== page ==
Embracing London's rivers
Cremorne Riverside Centre is one of the projects featured in Waterfront London: Rediscovering the Rivers and Canals of the Capital, an exhibition which opened at New London Architecture this week. Here NLA exhibition director Peter Murray explains how the Thames and its tributaries are at last being recognised as one of the capital’s greatest resources.
It is hard to believe that just 20 years ago developers filled in 90% of Surrey Commercial Docks, a Venice-like complex of ponds and locks of great beauty, or that it was only just over a decade ago that the government published a report that changed planning policies so we might “restore the Thames to its former all-important role in the life and looks of London”.
As recently as 2000, the Thames was designated as “public open space”.
For years, London turned its back on its canals and waterways, burying its rivers and turning them into sewers. Now we are beginning to regard water properly as one of our major amenities.
Today, residential developers can expect a 10% uplift on housing that overlooks water. Multimillion pound penthouses line the Thames, and anglers fly-fish for brown trout in its tributaries.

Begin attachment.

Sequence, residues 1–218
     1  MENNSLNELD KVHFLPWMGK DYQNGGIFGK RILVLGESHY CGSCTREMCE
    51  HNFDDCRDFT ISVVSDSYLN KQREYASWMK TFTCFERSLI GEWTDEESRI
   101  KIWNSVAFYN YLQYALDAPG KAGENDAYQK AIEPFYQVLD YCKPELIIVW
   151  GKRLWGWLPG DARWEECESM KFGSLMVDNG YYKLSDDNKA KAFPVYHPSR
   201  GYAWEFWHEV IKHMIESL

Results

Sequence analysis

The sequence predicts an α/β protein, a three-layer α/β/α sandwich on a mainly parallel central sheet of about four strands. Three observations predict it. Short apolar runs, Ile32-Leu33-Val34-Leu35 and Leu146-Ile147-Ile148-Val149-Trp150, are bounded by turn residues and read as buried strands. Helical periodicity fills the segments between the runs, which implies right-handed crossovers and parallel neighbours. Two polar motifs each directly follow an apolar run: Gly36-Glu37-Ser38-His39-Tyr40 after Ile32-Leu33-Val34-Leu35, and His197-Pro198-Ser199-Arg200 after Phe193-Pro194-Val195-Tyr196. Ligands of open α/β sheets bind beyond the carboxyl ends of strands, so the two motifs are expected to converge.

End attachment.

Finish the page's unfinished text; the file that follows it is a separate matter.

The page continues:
The Thames Strategy report of 1995, commissioned from Arup by the then-environment secretary John Gummer, discussed the need to improve riverborne public transport and Bankside footpaths, architectural quality, and the protection of views and heritage along a 48-km section from Hampton Court to Greenwich. Stretches of riverbank and sites with development potential were identified. Gummer was keen to ensure that the Thames remained a working river, carrying freight to reduce lorry movements in the capital; that commercial wharves should be retained; and that two new pedestrian footbridges should be built — from Waterloo to Charing Cross and from Bankside Power Station towards St Paul’s Cathedral.
The Blue Ribbon Network, which forms part of the London Plan, continued many Thames policies championed by Gummer, but created a London-wide water strategy covering the canal network and tributaries, rivers and streams, as well as open-water spaces such as docks, reservoirs and lakes, plus the culverted parts of waterways.
Following publication of the Thames Strategy report, the Millennium and Hungerford bridges were completed, and a rash of riparian residential development spread from Richmond to Rotherhithe — although not all of it of the quality that would fulfil Gummer’s aspirations.
Waterfront London: Rediscovering the Rivers and Canals of the Capital is at New London Architecture, The Building Centre, London, until February 23.